Super Sitter: Playing outdoors

Some of your daytime sitting may include playing outdoors with the children. Outdoor play equipment -- swings, seesaws and slides -- can be fun, but can be dangerous too. Play safety can be taught to even the youngest toddlers.

Children often do the unexpected on playground equipment. They are naturally and normally curious and adventuresome. Standing in a swing is "bigger and better" than sitting in one. Climbing to the top, sitting or swinging on it shows great daring. Little ones are unaware of risk ... often jumping off or in front of swings, seesaws or gliders. They may walk in front or in back of a moving swing. In an atmosphere of "the more the merrier," they may overload any one piece of equipment and tip the entire structure. Hanging "rings" are particularly dangerous to small children whose heads may be small enough to go through the ring, turning it into a hanging "noose."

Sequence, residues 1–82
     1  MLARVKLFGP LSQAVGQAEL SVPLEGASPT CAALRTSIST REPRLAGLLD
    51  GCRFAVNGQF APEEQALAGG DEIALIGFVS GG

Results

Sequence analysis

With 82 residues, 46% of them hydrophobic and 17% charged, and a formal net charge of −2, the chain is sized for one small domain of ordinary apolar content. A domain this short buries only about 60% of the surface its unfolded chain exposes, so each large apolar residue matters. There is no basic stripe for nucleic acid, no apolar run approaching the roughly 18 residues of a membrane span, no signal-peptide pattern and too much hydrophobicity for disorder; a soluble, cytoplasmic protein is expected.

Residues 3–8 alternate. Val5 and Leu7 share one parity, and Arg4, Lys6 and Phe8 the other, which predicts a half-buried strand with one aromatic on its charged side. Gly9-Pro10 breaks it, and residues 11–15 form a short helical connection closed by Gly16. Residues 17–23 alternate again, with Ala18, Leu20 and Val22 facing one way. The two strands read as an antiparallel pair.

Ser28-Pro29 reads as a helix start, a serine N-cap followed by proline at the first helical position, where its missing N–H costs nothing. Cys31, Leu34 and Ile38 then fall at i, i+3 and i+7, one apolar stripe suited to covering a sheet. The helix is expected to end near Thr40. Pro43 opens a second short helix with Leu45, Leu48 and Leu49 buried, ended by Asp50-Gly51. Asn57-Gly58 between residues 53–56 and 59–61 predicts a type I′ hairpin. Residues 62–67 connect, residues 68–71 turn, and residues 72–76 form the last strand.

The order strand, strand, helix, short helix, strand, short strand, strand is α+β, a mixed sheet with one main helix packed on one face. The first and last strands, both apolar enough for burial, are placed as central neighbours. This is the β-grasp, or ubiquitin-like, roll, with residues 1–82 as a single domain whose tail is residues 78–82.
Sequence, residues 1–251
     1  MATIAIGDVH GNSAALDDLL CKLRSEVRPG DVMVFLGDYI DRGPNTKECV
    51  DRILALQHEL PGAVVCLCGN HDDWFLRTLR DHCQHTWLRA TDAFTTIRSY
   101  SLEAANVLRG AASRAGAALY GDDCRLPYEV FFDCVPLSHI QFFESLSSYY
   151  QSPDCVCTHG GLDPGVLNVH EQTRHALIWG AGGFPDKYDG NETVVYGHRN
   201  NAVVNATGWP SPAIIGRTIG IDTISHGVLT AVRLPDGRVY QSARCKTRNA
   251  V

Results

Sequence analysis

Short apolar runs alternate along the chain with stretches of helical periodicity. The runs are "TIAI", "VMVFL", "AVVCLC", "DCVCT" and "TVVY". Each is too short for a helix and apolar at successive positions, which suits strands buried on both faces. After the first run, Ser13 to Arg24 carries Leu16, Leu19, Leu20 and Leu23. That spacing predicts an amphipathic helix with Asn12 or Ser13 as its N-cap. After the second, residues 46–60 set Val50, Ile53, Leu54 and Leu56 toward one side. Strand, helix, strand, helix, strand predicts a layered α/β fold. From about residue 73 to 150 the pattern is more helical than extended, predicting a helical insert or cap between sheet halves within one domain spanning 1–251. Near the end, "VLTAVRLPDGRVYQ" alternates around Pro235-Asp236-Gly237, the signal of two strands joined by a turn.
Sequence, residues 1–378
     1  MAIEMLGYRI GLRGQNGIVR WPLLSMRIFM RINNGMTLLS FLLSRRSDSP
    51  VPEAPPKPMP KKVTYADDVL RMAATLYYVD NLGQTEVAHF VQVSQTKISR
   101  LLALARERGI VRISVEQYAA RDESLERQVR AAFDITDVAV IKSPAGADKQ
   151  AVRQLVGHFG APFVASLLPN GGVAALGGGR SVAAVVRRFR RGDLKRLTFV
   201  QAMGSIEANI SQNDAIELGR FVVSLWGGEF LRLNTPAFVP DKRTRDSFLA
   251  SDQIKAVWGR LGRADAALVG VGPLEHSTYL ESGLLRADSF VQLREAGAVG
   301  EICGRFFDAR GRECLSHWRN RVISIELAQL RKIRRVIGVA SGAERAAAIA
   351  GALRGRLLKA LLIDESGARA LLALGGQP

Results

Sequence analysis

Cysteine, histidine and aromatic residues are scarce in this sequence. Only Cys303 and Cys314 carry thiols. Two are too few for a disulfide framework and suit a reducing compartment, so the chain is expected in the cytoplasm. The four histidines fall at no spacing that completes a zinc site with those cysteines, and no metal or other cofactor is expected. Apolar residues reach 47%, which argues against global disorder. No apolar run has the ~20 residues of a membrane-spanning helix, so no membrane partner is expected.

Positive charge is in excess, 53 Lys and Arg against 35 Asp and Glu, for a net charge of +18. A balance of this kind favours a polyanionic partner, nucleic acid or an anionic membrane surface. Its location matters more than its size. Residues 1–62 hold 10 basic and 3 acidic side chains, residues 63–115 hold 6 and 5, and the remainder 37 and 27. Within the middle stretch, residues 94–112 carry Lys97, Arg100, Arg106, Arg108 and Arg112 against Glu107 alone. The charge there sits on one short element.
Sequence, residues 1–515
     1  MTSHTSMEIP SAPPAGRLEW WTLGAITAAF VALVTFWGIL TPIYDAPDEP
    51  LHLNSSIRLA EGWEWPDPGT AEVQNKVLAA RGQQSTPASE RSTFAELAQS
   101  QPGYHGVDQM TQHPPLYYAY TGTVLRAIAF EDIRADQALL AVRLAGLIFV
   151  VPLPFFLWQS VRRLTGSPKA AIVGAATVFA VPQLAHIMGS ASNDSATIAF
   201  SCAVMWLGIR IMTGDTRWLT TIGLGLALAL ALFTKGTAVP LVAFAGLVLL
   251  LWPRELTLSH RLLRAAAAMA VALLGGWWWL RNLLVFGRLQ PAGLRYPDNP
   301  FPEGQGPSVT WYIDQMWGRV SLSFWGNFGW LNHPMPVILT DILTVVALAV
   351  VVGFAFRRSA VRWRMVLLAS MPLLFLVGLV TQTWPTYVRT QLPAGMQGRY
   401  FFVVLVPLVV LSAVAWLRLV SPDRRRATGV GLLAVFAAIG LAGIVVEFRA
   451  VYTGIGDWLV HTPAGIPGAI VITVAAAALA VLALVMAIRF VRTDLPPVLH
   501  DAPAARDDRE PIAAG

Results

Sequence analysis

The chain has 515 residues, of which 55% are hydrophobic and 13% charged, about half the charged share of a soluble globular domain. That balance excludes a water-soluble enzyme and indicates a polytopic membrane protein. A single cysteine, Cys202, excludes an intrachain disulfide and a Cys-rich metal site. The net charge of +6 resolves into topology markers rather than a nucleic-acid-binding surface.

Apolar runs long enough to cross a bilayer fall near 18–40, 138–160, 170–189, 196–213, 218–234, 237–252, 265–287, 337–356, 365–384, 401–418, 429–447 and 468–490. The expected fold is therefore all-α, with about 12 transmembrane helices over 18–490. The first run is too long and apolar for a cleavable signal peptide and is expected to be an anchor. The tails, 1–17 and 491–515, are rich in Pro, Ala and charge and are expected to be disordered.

All children should be supervised when playing on this kind of equipment. They should be told to sit in the center of a swing. Explain the following hazards: walking in front or in back of a swing; pushing other children off of the swing; swinging empty seats; twisting the swing chains; and, climbing up the front of the slide. Roughhousing, overloading equipment and misuse can be curbed from the start if you're there supervising their play.

Older children can be taught certain safety rules and why they are important. Asking them to assist you in supervising the younger ones will help them to understand these rules better. Dangerous roughhousing, stunts, overloading, abuse and misuse of equipment and showing off are unacceptable.

 

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